Trove is great for filling gaps we didn’t know we had – totally unexpected events and activities. I like to use Education, land, occupation, military records, immigration, clubs/societies inter alia.

I include every event for which I know a time and place for that ancestor. So vital events, military service, prison time, births of children, etc.

My excel sheet columns include for the names such First & Mid Name, Last Name, Full Name then vital record dates. The ID for the person. I split the dates to a columns for date, month and year. Finally the columns for the specific data I’m working with

vital records (including addresses/occupations on children’s births), the census, any known migrations

www_slon_pics / Pixabay

Can you give examples where you or others have successfully plugged research gaps?

One thing that timelines can hide is contradictory activities. eg An ancestor is recorded being in one place for his child’s birth, & having a business. a legal case showed he was also working on the gold fields a distance away: there were regular coaches.

lots of those for my Dickson family. Currently working on Rev Dr David Dickson’s children A few more than in official bios

I used timelines to disprove a family legend (two men) but extending the FAN (family, associates, neighbours) research actually demonstrated there was a foundation for the legend – multiple timelines.

another TL piece: sometimes, not often, RC priests recorded both birth and baptismal dates. RC baptisms usually took place ASAP but there was a 6 week gap. Made me look more closely at godparents. They’d travelled quite a distance, another chink in brickwall

I used timelines to disprove a family legend (two men) but extending the FAN (family, associates, neighbours) research actually demonstrated there was a foundation for the legend – multiple timelines.

Our genimate @luvviealex wrote recently about her life in 12 censuses. It made me think more closely about my own presence in the records and how I wish I’d been able to see my parents’ and grandparents’ census returns.

Tried this today in a timeline but discovered it left out great chunks of our lives even our overseas postings, seems we were always in Aus. Made me think of ancestors gaps

Exactly! I don’t want to share all the nitty gritty but I think it can help highlight the challenge for the next couple of generations while privacy rules apply.

How cool! I have never been enumerated in a census in my life. The Netherlands stopped taking them in 1971 since we have a continuous population registration and they know where we live. 👀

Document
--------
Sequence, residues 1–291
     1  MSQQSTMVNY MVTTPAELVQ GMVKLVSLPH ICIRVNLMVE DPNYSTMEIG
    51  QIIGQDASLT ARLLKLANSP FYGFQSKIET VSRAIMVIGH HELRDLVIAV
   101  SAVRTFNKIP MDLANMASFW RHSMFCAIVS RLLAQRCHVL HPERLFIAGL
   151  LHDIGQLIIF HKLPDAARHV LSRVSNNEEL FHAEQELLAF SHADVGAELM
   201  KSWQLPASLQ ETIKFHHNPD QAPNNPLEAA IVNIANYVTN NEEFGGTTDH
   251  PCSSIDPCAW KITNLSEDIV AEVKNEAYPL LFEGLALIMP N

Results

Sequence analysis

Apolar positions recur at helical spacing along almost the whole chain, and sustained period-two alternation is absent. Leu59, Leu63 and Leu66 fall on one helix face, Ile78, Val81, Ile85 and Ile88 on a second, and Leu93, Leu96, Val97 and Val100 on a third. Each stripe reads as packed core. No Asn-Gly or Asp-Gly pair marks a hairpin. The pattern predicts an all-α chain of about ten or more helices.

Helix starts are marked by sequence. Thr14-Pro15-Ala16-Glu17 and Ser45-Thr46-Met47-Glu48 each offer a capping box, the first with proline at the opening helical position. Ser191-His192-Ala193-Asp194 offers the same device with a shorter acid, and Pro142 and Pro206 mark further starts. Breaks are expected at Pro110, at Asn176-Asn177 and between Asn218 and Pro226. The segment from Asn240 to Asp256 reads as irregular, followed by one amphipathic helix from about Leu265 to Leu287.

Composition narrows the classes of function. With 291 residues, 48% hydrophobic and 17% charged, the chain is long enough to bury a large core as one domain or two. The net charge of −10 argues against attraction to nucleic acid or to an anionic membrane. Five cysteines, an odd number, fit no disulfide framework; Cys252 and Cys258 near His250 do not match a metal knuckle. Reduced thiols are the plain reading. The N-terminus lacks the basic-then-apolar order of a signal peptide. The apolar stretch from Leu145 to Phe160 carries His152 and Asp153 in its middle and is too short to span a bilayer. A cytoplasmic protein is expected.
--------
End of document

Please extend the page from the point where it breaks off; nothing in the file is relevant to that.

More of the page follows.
Using DNA Trove BDMs to help adoptees to find their bio families and Collins Leeds method too

My longest running project is the collection of Electoral Data from NZers in my tree. Add another cousin to my tree creates gaps for Electoral Roll entries. Having such a large collection of addresses helps with a diverse range of other research questions

Trying to find out what happened to a woman from when she returned to Scotland in 1868 until her death. For that time period looked at censuses, deaths in her family & mapped them in time & space. Found her. Went to live with her son in England & she died there.

Timelines have been very useful me to find out where ancestors were fighting during WW1. I start with enlistment date and place and then do a timeline of their war service

I hadn’t thought do to a wartime timeline. what a great idea @SharnWhite I intend to do it

It helps to know what battles to research Jennifer and what war diaries to look for

It is always worth looking to see if there were births before a marriage one turned up this week not a relative but the person they married was

I have been trying to find out how a man in Bathurst met a woman in Hill End and how she had 4 children to him. There were no family connections between the places. Today I found on Trove his license to drive a coach from Bathurst to Hill End.  Yes unfortunately he never married her. I must do a timeline to see if his coach trips coincide with the births! I expect they did

Doing a timeline of where members of a family were in census records helped me to find a missing person

I find researching between the census records for missing children has turned up a few who died young

using census records – when I can’t find them I try all variants – Price was indexed as Grice – sometimes gaps are caused by indexing errors, bad handwriting or human error

Or search by a family member with the most distinctive first name. That worked for me.

All of my ancestors start in UK. When they emigrated to New Zealand, I found them passenger lists and rest of the information in the newspapers, even when they then moved to North America, especially the journalist ancestor, which was the subject of my blog

I’ve set up web pages with blog post sections for all my ancestral lines- sometimes cousins read these and make suggestions that I’ve missed something or drawn a wrong conclusion

My ancestors lived in a place in the Netherlands that kept mill tax records in 1700s that listed everyone in the household. I used these to see when children entered the household and prove that one child was baptized under a different name than used later.

I’m using a spreadsheet of every single event I can find for my McSherry family in the hope of breaking down my mysteries. Very clear for a 25 year block, then nada.

Timelines + checklists = winner!

Blog posts relating to the topic

Kerrie Anne – using mindmaps,

Alex – my life in censuses,

Legacy – mindmaps webinar,

Sue – examples of biographies written,

Readers: How do you find the gaps in your research? How do you find the info to fill those gaps?